Review: Rabbit Cake by Annie Hartnett

28151220_2066388013594152_6146061096353529856_nThe other evening, a friend asked what I’m currently reading. I had just finished Rabbit Cake that very morning. When she asked how it was, I told her that I had trouble getting into it. I’d read another book somewhat recently that I loved, and it temporarily broke me; I was having trouble enjoying anything I picked up next. My friend said there’s a term for that ailment.

Apparently, I had a book hangover. Like a greasy-spoon-breakfast after a night of tipsy tomfoolery, Rabbit Cake pulled me from my funk.

A little girl named Elvis, her older sister Lizzie, their father, and their pet dog Boomer, are grieving over the loss of their wife and mother who drowned while sleepwalking. Elvis is the youngest in the family, and yet finds herself in the position of holding everyone together. Like her deceased mother, older sister Lizzie also suffers from sleepwalking episodes. Equally she is a handful in her sleep as she is in her waking life. Their dad is heartbroken over the loss of his wife, and deals with it by wearing her lipstick and bathrobe. They adopt a parrot from the local pet shop, who has begun imitating the voice of their lost loved one. Lizzie drops out of school and begins obsessively baking rabbit cakes, something their mother used to do for special occasions. On the advice of her school counselor, Elvis assigns herself 18 months to grieve.

Not surprisingly, the book is a little sad; especially in the beginning. At times, I found it a bit morbid. For example, Elvis loves animals (her mother was a biologist), and she frequently shares random animal facts, such as:

“A naked mole rat cannot feel pain, I remembered. It is one of the reasons naked mole rats are studied so extensively in labs. The rodents are missing some neurons or something, scientists aren’t sure, but you can dribble acid directly on their skin and they won’t even shudder”.

Despite the occasional dark moment, the story pulled me in. A dry humor settles in, and the characters begin to heal in their own unique ways. Elvis starts working on the biology book her mom was writing before her death, Lizzie decides to get into the Guinness Book of World Records, their dad starts dating again.

Through it all, Elvis is wise beyond her years. In the way of precocious narrators, she often provides moments of wisdom and sweetness, such as when she describes an incident between her sister and her sister’s best friend:

“Lizzie should never have hurt Megan, especially not for something that sounded like it was partly our mom’s fault. But I understood why she did: you want to defend those you love, even if the ones you love aren’t very good all the time, and sometimes they are even downright awful”.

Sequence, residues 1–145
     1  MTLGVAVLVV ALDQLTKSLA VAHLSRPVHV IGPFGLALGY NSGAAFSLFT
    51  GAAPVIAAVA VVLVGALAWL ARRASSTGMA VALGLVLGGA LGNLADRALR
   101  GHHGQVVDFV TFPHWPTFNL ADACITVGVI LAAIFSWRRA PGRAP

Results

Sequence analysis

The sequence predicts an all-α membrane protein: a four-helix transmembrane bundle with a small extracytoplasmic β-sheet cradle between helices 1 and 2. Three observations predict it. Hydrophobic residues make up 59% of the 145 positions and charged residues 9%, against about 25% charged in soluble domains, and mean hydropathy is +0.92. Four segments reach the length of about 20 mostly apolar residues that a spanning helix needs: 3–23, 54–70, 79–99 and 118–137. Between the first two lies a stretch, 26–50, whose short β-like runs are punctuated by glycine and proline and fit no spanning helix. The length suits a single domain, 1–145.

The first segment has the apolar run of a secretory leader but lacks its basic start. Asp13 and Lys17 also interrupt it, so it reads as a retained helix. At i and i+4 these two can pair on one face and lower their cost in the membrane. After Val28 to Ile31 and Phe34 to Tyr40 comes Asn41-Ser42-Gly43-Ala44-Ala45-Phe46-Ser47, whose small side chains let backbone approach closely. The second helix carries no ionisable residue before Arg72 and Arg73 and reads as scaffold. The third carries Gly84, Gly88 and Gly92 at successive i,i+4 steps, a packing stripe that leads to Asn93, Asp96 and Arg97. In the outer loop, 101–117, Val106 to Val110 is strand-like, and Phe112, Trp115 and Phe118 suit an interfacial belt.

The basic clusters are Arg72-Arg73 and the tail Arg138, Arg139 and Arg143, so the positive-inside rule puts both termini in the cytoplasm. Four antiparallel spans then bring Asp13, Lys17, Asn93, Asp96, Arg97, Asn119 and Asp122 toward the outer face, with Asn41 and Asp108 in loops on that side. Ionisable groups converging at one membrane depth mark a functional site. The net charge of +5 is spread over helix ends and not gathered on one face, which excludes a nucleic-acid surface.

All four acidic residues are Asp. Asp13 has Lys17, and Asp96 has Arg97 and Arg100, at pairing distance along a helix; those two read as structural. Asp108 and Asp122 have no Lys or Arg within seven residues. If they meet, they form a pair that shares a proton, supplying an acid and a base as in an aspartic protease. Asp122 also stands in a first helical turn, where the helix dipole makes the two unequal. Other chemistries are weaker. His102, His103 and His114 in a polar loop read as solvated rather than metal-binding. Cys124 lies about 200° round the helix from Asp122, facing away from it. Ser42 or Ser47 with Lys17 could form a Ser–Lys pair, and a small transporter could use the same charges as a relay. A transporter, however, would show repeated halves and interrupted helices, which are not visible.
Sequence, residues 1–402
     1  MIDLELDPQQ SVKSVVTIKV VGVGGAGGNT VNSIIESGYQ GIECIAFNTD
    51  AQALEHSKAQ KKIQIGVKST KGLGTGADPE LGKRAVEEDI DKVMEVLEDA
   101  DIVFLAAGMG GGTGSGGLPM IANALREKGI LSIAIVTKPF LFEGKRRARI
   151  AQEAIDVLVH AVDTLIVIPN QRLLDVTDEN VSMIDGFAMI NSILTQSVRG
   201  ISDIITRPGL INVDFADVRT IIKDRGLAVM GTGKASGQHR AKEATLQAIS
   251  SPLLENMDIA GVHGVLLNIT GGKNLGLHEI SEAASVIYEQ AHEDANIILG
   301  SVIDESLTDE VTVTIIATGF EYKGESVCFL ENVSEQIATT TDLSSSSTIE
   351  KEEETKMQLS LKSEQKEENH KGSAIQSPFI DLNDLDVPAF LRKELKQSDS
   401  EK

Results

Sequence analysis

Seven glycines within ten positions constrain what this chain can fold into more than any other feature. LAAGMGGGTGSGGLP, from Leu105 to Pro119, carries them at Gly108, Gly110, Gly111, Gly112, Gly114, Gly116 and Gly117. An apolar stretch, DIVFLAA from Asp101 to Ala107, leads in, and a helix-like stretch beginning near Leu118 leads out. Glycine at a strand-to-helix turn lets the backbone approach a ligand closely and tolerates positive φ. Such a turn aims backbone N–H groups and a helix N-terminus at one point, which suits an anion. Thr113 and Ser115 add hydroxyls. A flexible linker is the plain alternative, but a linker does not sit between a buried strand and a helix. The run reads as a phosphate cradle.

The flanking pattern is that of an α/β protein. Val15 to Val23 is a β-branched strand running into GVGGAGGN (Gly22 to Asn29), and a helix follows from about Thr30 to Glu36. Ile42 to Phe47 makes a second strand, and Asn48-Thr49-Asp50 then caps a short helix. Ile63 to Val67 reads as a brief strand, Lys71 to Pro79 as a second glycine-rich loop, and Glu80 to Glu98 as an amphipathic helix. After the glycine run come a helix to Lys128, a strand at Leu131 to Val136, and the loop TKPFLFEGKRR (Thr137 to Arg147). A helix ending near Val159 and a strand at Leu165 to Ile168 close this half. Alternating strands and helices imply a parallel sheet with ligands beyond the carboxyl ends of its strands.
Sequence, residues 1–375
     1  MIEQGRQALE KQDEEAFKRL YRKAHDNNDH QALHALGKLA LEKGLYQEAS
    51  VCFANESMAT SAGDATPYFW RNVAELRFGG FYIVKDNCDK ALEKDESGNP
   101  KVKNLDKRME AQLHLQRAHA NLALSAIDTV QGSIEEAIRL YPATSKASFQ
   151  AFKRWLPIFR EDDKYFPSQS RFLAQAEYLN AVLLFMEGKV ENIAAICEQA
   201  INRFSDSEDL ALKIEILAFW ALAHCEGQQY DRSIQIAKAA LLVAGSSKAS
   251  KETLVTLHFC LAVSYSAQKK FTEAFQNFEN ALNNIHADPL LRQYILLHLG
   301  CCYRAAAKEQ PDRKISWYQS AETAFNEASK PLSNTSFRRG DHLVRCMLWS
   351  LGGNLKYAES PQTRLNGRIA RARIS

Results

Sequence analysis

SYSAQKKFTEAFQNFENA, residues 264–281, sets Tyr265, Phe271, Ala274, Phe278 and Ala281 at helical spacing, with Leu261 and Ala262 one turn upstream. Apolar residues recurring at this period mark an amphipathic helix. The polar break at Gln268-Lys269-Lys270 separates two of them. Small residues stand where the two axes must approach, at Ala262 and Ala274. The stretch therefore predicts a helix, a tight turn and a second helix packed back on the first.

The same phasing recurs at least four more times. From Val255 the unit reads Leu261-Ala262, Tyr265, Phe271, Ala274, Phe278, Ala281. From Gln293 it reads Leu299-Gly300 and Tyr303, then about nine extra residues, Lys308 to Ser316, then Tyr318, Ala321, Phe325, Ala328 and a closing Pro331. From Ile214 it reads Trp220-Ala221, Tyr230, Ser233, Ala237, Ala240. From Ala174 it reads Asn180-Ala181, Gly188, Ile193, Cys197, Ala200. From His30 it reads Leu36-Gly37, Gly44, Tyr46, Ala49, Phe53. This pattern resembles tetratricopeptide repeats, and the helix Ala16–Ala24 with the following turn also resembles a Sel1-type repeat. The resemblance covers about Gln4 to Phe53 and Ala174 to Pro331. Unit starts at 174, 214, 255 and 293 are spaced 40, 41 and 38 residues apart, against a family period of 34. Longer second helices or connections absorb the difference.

This is a story of slightly flawed people coming to terms with a terrible tragedy, yet the story itself doesn’t feel too heavy. It balances darkness with a good dose of levity. The characters will win you over. It you need it, it might be the perfect book to get you over a book hangover.

{Have you suffered from a book hangover? What book did you in? Put the title in the comments; I might add it to my reading list!}

Review: Rabbit Cake by Annie Hartnett

Review: The Only Thing Worse Than Me Is You by Lily Anderson

27891869_223923958169148_6272060361482960896_n-1This book reads like the little sibling of a John Hughes movie. It’s not as inspired or accomplished as its older brother, but it is loveable in a similar way.

Trixie and her two best friends, Harper and Meg, are in the top 10 of their class. They study hard, make weekly trips to their local comic book store, and decide to become interested in boys. Trixie is reluctant to spend her energies on the opposite sex despite a very obvious budding romance between her and her arch-nemesis, Ben West. While the girl trio focuses on attaining boyfriends, several of their classmates are caught allegedly cheating. It isn’t long before someone in their group of friends is dragged into the mess.

This is the story of a privileged group of kids getting into the kind of trouble that has low-stake consequences. It is done in the best possible way. The characters are privileged without being bratty. For the most part, they don’t seem to take themselves too seriously. It has just the right amount of teen angst – a titch of angst rather than a heaping spoonful.

This is a book that knows its niche without being overly derivative of its predecessors. Though I found some of the nerd-girl references overdone, overall the dialogue is well written. It’s feel-good, easy reading. It’s also surprisingly wholesome. The most the main characters get up to is a little snogging. If you are a parent who worries about the content of your teenager’s reading material, you can rest easy on this one.

Now that I’ve said that, there will undoubtedly be some parent, somewhere, who chooses to disagree with me. Please spare me your outraged email.

Review: The Only Thing Worse Than Me Is You by Lily Anderson

Review: A Murder of Magpies by Judith Flanders

27892561_1561114333925336_3763349824787709952_nI was in the mood for some light reading, and thought a cozy mystery might hit the spot. Browsing the aisles of my favorite bookstore, A Murder of Magpies jumped out at me. The cover art pops – robin’s egg blue background with bright orange birds (magpies, I assume) perched above a typewriter. It certainly looked like a light-hearted mystery, and the back cover made claims of wittiness and humor. Perfect.

I was feeling a bit under the weather when I started reading. Thus, I can’t entirely blame the book for my mind continually wandering. Then again…